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Batting average on balls in play (BABIP) tells us how many struck balls land safely for a hit. It is park-and-league adjusted, so there is an even playing field.
You can use BABIP to predict regression for a player. If a hitter or pitcher runs a BABIP higher or lower than their career norms, you can generally expect it to move back towards that average the following season, and then adjust their other stats accordingly.
For Ichiro, he is always prone to a high BABIP due to his unique approach. The infield hits, slaps and bloops all add into this. A one-season deviation would make you skeptical about sustainability, but we have a large enough sample now to know Ichiro gets on base with hits more than anyone and we shouldn't expect that to change.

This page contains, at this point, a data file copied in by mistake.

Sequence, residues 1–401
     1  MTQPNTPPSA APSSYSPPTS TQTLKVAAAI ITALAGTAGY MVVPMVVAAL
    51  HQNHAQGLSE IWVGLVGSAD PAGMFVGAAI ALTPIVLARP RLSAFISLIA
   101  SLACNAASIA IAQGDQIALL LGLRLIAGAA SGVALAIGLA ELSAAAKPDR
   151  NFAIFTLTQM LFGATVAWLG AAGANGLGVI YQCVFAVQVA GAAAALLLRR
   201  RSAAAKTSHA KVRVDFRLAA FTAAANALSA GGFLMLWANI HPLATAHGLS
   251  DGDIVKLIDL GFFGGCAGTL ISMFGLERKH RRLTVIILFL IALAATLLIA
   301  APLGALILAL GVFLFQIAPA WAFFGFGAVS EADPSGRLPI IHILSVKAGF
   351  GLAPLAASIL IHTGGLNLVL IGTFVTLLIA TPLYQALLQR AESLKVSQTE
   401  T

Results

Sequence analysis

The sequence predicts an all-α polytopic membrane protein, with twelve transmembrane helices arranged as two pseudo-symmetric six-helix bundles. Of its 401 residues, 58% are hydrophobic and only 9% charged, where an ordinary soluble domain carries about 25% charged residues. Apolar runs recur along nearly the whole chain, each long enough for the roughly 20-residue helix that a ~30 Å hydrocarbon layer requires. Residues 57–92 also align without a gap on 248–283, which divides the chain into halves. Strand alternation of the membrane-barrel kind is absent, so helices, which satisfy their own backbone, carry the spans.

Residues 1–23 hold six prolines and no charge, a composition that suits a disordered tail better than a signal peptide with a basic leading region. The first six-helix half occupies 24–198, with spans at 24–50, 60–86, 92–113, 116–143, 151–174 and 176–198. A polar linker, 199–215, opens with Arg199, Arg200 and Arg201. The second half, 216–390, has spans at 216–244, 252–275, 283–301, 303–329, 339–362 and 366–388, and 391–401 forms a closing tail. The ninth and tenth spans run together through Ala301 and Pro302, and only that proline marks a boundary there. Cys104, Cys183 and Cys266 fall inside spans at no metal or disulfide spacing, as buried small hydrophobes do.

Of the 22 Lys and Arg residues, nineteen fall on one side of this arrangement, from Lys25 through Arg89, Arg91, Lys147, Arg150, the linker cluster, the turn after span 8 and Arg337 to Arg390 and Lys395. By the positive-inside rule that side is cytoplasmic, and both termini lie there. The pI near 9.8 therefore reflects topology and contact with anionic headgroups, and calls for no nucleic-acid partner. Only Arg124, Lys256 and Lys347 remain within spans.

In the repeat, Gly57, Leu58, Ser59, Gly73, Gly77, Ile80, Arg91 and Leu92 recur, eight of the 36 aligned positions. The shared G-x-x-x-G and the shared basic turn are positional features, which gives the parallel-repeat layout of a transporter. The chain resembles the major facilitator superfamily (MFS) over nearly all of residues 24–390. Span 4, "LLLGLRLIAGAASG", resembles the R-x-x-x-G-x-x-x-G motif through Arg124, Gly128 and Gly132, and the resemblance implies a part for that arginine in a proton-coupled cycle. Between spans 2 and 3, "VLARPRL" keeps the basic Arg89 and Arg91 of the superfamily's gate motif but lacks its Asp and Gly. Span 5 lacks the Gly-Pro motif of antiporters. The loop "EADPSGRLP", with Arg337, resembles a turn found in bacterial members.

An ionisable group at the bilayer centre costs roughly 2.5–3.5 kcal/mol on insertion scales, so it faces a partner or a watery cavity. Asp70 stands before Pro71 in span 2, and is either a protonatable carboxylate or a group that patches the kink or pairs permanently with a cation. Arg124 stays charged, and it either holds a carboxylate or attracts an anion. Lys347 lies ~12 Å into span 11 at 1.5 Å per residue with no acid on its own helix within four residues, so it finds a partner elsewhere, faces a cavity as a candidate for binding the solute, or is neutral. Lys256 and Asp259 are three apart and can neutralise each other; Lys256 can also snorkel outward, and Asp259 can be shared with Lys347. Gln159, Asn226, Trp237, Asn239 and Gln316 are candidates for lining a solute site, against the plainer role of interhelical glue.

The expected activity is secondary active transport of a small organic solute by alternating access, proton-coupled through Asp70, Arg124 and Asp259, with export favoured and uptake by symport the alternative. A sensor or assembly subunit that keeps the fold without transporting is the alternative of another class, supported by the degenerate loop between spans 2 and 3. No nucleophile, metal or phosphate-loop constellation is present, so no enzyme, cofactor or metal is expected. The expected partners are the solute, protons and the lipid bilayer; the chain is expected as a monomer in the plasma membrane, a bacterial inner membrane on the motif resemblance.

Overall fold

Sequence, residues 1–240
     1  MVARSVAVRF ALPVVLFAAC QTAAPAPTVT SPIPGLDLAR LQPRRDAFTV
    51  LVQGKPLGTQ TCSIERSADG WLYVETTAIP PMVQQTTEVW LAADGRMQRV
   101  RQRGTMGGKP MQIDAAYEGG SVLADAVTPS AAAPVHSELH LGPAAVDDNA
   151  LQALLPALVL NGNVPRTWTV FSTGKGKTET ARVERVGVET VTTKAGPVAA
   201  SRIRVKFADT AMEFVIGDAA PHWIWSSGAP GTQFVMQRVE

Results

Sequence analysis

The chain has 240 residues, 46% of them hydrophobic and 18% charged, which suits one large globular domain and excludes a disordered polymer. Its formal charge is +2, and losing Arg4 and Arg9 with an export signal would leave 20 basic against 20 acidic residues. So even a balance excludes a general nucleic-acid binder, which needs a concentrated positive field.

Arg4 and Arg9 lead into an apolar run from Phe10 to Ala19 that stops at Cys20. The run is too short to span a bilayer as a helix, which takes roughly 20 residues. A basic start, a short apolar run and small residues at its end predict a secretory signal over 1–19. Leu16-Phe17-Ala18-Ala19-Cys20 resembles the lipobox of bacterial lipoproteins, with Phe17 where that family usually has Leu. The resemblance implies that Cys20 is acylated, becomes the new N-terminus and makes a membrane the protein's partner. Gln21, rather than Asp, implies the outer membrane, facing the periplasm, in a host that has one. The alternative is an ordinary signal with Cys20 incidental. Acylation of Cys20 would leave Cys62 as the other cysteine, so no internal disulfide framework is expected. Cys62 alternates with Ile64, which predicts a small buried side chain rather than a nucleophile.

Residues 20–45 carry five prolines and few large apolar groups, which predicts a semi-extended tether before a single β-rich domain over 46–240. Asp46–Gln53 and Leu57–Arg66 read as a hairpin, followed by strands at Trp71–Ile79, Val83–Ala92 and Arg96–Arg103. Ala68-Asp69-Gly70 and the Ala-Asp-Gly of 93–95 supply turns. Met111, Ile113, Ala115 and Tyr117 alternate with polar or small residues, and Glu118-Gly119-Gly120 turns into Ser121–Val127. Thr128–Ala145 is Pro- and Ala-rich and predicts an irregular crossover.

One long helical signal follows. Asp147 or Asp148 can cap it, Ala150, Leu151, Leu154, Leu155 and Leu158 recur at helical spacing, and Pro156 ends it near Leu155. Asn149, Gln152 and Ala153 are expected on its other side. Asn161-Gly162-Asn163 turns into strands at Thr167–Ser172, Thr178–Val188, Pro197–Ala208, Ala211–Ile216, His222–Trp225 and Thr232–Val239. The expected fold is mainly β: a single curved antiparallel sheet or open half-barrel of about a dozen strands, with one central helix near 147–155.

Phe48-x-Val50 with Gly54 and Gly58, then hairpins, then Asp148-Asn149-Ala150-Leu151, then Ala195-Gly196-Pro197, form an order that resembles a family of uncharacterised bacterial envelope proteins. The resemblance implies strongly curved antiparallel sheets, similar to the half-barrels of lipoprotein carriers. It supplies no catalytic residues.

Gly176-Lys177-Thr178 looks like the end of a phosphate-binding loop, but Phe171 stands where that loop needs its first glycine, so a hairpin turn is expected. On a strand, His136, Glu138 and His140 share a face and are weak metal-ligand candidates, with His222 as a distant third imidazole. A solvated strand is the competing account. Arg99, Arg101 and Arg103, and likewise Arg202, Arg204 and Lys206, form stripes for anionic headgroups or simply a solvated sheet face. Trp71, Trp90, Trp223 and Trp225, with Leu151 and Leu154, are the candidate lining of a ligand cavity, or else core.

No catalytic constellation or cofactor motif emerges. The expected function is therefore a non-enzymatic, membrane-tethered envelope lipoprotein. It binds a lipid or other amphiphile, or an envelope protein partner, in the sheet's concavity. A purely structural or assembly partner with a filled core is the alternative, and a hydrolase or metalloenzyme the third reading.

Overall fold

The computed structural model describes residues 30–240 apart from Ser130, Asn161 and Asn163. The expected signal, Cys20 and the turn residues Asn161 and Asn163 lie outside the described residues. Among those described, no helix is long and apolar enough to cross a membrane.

What this means is, if Ichiro has one of his seasons where he runs a near .400 BABIP, he'll be in serious contention for the bating title.
In his four best BABIP seasons, he won two batting titles and narrowly finished second in the other two.